Otherwise, I wonder if that man is engaged in some religious pursuit. Once again, I have the highest respect for religion and would never mock it. It occurs to me that this man may be entranced in some sort of mediation that is meant to bring him closer to God or lift him to a higher level of consciousness.
It seems likely, though, that his meditation might be disturbed by the noisy lawnmower this man pushes in front of him as he paces.
Some reader might say, “OK, I see what you did there, J. Very funny to set us up with compulsive pacing and then tell us he is just mowing his lawn.” Before you assume that I wrote all this for the sake of a joke, consider that I am very serious about my question: Why does he do it? Why this obsession with a patch of grass that sends this poor man outside, week after week, to toil and labor in service of his lawn?
Yes, I cut my grass when it has gotten long enough to need cutting. I do not treat it as a religious ceremony, though, because I just try to get it done as quickly as possible, leaving time for more important things. If this man’s lawn maintenance is part of his religion, I envy his zeal. I wish I could serve my Lord as faithfully as he serves his lawn. If I could bring to my Christian living the kind of energy and determination shown by this man and others like him, I could truly be numbered among the saints.
If, however, this behavior is obsession or compulsion, I feel sorry for this man. To be in the chains of a habit that sends him out, every Saturday morning, to mow and trim and fertilize and tend his lawn, when he could be doing more important things, must be misery. I try to be kind to him whenever our paths cross, hoping my kindness can somehow compensate for this man’s unfortunate slavery to a patch of grass.
J.

Fame, creativity, and depression

One of the most shocking news items of 2014 was the suicide of actor and comedian Robin Williams. How could a man so talented, so seemly full of laughter and joy, choose to end his life? It seemed that Robin Williams had it all: fame, money, and the love of millions of people. Yet Robin Williams was terribly sad. He spoke openly about his battles with depression. People in his life believed him and tried to help him. Health professionals took care of him. Somehow, one night, it was not enough. Depression won, and the world lost Robin Williams.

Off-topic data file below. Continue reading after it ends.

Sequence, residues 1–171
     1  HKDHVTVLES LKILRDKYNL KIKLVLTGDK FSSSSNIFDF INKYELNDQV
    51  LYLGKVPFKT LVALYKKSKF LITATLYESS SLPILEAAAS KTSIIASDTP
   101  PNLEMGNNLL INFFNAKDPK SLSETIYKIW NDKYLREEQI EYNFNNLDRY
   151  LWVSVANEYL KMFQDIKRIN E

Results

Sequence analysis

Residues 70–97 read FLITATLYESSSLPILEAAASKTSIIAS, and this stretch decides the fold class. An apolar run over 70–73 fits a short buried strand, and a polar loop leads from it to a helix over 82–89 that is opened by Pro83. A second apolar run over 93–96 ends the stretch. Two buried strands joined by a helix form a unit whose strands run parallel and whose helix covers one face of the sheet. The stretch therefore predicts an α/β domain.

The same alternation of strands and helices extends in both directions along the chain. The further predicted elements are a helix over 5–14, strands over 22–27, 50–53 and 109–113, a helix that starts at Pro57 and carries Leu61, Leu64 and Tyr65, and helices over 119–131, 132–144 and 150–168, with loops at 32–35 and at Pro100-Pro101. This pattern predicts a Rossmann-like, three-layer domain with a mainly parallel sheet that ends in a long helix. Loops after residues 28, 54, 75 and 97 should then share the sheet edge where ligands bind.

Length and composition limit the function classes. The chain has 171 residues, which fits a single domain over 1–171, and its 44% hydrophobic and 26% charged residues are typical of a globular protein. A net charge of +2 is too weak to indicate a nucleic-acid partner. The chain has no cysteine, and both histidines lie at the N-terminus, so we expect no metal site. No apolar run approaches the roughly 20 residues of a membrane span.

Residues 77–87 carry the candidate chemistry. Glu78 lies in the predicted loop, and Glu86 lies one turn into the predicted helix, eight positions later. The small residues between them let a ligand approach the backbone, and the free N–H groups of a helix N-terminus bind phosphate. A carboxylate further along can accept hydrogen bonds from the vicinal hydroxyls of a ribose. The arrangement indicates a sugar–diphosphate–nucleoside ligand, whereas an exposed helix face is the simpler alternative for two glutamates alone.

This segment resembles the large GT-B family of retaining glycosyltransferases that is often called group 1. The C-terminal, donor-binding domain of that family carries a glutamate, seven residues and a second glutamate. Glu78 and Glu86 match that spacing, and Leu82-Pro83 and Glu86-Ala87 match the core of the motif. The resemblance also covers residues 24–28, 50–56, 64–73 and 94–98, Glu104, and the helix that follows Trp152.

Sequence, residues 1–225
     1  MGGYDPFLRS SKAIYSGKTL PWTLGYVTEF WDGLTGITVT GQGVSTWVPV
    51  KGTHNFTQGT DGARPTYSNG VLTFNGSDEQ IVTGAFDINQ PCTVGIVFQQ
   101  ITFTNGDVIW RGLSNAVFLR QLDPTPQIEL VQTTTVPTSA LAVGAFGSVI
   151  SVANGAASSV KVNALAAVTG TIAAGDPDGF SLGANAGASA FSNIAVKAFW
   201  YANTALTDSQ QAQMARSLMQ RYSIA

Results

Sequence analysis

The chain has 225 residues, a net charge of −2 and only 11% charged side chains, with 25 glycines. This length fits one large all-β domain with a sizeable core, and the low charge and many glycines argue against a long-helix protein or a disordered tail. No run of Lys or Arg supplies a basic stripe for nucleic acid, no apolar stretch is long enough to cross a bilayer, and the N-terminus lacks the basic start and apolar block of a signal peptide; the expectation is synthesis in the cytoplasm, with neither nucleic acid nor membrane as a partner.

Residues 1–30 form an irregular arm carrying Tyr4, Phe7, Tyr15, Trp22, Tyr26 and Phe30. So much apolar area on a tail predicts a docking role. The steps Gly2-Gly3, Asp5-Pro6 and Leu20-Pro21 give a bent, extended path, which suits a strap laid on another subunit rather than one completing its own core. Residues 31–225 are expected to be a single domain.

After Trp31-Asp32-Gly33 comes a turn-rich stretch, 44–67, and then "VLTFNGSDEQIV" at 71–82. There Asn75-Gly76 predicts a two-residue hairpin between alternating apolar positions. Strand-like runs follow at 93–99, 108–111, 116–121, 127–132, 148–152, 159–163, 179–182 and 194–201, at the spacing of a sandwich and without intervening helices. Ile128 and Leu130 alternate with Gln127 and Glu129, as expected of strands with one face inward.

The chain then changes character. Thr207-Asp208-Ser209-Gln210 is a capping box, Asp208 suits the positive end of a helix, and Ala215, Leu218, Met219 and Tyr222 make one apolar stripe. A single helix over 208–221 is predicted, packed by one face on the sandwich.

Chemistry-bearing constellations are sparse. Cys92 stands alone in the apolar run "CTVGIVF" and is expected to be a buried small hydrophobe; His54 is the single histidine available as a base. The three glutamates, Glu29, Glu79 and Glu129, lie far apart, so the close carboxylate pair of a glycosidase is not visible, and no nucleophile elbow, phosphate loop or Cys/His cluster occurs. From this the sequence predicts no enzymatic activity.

Many famous people publicly acknowledge their battles with depression. Are famous people more likely than the rest of us to be depressed? Probably not—we just hear more about their struggles because they are famous. The prevalence of depression among the famous is most likely about the same as its prevalence among the general population. Maybe famous people feel safer talking about problems that the rest of us prefer to keep hidden.

On the other hand, some observers have noticed a correlation between creativity and depression. Not that depression makes people creative—just the other way around; depression saps the ability to create and to communicate. But people who see themselves as outsiders, members of minority groups and others at the edge of society, frequently produce more art (music, literature, etc.) than the general population. These people often have a stronger sense of humor, which again seems to be fed by their perception of themselves as outsiders. If creativity and humor are evoked by estrangement from the world, by a sense of alienation, then a correlation between depression and creativity does not come as a surprise.

Soren Kierkegaard, in writings such as The Concept of Anxiety (also translated as The Concept of Dread) and The Sickness unto Death, seemed to suggest that depression is a normal reaction to the way things are in this world. By “the way things are,” I do not so much mean wars and poverty and crime, but rather the individual experience of sensing the difference between who I truly am and who I could be and ought to be. Satisfaction with that difference, Kierkegaard indicated, is worse than being depressed over the difference. Yet the chasm between who I am and who I should be is unbridgeable. The only sensible response to becoming aware of that difference, it would seem, is despair.